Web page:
WATER: Water, water everywhere

    Reading the stats on Wisconsin’s bountiful lakes, rivers and streams, it’s hard to believe the whole state isn’t made of water. All that aquatic area – more than 15,000 lakes, 42,000 miles of rivers and, of course, Great Lakes Michigan and Superior – makes the state a prime destination for all kinds of fishing and boating.

    And perhaps the most remarkable thing about Wisconsin fishing is the variety of fish found in our ecosystem. The Northwoods is home to prime musky waters, and the state harbors more than 10,000 miles of trout streams. Lake Michigan and Lake Superior possess more than 240 charter boat operations between them. In one year, Wisconsin’s waterways give nearly two million people the chance, to hook one of the 72 million fish caught.

    Many of those same waterways double as destinations for boating and other aquatic adventures, with marinas, harbors and public launch ramps to facilitate boats of all kinds. Canoeists and kayakers can get even more access, whether to serene havens like the Apostle Islands sea caves and the Lower Wisconsin River, or to roaring whitewater like the Wolf, Flambeau and Peshtigo rivers.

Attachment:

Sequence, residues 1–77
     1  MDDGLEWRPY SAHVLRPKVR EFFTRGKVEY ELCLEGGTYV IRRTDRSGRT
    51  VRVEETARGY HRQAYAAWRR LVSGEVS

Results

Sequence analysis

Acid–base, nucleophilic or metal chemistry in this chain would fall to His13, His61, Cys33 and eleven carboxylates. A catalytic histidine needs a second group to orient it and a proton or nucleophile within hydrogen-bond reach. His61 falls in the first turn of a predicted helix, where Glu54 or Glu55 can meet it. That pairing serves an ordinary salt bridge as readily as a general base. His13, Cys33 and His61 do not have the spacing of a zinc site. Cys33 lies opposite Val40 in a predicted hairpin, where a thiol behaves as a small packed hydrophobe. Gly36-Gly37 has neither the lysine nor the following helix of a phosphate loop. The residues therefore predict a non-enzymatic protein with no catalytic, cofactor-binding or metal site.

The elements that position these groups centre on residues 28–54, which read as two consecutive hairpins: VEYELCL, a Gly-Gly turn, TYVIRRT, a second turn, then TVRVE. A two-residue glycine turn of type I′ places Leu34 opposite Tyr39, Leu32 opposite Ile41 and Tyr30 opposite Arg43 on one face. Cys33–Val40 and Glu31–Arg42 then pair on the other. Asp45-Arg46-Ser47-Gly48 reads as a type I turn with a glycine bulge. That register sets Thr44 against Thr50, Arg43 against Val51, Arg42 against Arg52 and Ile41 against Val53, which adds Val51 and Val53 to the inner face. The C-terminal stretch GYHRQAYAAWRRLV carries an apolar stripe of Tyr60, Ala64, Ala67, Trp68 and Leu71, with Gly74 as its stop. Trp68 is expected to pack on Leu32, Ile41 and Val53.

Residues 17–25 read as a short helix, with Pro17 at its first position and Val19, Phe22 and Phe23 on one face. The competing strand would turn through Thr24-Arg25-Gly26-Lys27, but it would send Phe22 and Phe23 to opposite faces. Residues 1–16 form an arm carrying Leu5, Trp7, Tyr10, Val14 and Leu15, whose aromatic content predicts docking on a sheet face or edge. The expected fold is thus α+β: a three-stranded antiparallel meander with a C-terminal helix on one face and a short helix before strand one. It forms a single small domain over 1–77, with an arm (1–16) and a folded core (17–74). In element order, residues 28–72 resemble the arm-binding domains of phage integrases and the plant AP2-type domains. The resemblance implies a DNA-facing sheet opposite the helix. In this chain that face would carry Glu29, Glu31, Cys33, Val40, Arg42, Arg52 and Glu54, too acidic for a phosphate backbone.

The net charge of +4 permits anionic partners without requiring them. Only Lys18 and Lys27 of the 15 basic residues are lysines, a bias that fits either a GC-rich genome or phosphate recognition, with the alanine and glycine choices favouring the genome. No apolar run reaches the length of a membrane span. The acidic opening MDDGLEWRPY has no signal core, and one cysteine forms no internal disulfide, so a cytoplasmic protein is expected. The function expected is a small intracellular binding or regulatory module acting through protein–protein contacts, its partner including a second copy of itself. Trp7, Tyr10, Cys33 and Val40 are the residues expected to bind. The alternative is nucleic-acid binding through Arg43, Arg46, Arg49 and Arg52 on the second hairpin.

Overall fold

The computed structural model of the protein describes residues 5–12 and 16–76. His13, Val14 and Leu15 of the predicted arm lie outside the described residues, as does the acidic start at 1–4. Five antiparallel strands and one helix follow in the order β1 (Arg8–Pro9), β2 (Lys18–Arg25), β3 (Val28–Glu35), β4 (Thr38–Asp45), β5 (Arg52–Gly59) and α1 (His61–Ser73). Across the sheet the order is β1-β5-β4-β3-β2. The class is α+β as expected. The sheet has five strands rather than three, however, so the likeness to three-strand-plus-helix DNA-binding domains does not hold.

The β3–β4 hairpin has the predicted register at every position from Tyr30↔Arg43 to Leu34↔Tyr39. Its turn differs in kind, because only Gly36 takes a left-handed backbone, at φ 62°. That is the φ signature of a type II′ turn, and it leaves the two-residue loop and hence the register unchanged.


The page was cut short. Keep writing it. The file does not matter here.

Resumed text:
Visitors without boats of their own aren’t left behind. In addition to convenient raft and boat rentals on most rivers and lakes for the do-it-yourself explorer, Milwaukee’s Edelweiss River Cruise Line and Iroquois Boat Line offer urban cruises, while Mississippi River tours can be found in La Crosse. And, of course, there’s the amphibious Ducks of the Wisconsin Dells, WWII-era vehicles that have been repurposed for land-and-water adventure.

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